If you've seen the 1936 anti-pot film Reefer Madness!, then you're familiar with the over-the-top blend of hysteria and misinformation that characterizes the movie. The musical version does the film one better, keeping the public service announcement format while upping the cheese factor by introducing some spirited song-and-dance numbers to the mix.
The plot follows young Jimmy (Andrew Bray), an all-American type who gets mixed up with the wrong crowd, smokes his first marijuana cigarette, and promptly embarks on a journey of drug abuse, sexual depravity, and crime. His girlfriend, the wholesome Mary Lane, tries to help him, but she too falls victim to the devil-weed. Even the intervention of Jesus himself can't turn Jimmy from his debauched path.
The songs are funny, and catchy as hell, and the Stumptown cast does a great job with the material. The highlight of the show is definitely Nartan Woods as a flamboyant, glittering Jesus, whose witty, energetic number, "Listen to Jesus, Jimmy," had the audience clapping along. The principals all do solid work—in particular, Erin Charles' Mary Lane is pious and good without being too hateable. The rigidly choreographed dance numbers are livened up by ensemble members Roya Yazhari and Sarah Iverson, who bring a welcome dose of sex appeal to the production (so, for that matter, does Woods' Jesus, who has impressive abs and a loincloth that I can only assume contains a sock).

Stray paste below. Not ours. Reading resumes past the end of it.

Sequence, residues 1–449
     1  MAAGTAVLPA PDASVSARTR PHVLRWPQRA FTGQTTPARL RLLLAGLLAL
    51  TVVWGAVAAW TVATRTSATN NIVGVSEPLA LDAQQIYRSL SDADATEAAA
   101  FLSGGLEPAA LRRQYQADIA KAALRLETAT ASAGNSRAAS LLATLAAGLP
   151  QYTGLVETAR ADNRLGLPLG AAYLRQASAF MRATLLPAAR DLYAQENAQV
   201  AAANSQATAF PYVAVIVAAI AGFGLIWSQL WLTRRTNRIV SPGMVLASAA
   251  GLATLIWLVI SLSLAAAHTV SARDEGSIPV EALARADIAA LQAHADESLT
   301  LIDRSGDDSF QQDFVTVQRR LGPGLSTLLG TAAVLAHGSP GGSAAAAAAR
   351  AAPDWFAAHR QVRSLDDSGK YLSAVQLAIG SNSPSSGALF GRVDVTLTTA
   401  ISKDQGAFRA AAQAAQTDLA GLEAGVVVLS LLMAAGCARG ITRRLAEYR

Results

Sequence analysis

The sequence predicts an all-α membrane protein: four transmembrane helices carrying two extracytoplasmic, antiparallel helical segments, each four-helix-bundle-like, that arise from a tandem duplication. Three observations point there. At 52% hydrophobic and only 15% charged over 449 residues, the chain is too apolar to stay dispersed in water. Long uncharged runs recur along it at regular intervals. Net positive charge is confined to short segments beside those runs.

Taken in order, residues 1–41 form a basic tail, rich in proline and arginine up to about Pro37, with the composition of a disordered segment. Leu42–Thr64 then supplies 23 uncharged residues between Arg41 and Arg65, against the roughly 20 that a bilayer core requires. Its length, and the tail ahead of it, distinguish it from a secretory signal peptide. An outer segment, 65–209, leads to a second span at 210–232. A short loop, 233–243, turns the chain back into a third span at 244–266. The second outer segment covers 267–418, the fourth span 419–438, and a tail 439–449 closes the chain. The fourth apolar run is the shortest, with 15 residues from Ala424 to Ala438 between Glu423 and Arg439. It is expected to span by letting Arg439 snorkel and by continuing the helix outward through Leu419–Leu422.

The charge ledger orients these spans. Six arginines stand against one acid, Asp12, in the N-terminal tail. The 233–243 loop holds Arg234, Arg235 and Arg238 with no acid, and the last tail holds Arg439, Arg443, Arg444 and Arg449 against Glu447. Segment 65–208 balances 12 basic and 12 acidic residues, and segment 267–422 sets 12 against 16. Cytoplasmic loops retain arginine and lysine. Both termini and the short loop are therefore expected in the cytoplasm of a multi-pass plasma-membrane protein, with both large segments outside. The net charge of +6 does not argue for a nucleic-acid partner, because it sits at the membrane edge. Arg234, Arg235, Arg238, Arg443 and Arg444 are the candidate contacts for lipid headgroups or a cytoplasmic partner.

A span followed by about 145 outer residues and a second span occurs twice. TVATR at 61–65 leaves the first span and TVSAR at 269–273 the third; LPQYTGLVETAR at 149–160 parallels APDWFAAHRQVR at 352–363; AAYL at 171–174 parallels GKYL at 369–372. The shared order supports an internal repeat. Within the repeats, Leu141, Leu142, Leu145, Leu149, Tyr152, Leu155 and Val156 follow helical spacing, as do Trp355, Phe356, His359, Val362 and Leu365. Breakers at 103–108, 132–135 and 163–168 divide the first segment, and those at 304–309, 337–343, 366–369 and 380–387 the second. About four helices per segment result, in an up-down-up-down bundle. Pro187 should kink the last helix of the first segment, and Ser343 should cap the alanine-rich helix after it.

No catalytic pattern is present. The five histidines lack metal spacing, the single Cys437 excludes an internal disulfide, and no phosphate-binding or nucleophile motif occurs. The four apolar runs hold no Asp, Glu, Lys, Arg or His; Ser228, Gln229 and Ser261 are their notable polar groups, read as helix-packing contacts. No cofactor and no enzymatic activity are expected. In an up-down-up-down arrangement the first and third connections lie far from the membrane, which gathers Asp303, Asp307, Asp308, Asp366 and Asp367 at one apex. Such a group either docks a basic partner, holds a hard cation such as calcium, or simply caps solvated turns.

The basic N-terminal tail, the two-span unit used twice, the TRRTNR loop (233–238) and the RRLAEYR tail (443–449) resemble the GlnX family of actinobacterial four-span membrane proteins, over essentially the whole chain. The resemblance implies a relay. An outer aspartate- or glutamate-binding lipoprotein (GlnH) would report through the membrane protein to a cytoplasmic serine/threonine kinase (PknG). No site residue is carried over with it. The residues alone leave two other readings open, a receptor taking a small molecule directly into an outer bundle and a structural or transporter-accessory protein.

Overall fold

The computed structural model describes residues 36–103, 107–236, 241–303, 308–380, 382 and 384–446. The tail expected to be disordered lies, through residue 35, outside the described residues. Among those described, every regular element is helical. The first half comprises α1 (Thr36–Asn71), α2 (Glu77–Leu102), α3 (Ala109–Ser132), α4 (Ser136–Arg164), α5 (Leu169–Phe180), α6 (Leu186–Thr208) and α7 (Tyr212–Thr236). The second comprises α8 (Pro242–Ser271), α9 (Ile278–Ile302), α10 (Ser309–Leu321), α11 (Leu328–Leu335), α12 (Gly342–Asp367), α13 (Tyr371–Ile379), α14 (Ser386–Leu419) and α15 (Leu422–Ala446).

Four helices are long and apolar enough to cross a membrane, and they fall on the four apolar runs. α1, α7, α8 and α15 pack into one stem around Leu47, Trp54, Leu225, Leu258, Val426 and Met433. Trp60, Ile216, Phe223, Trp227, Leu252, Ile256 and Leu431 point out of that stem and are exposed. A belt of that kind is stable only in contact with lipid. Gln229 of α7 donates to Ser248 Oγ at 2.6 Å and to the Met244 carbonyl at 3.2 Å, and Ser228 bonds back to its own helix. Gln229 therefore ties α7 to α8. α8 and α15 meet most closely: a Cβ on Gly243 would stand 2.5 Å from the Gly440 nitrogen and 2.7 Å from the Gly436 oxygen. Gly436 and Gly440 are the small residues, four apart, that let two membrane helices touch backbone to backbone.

Though the cast held up their end of the performance, there were some unfortunate issues with both direction and tech. The pacing was off—the first act dragged interminably, and some of the slower scenes simply took too long. The staging was just puzzling: So much of the action took place in front of the stage itself, radically limiting sightlines, that from my seat in the fourth row I missed a lot of what was going on.
As for the technical side: The sound was frustratingly off, phasing in and out throughout the performance. The lighting was murky, making it difficult to focus on the stage, and the spotlights always seemed a split second behind. Problems like these have the unfortunate effect of making the whole production seem hackneyed, when in fact just about every other aspect of the production—from the cast to the tight five-person orchestra—was solid and professional.
One can only hope, though, that these issues will soon be worked out. The cast does a fantastic job with this silly, engaging production, and they deserve mics and spotlights that do their performances justice.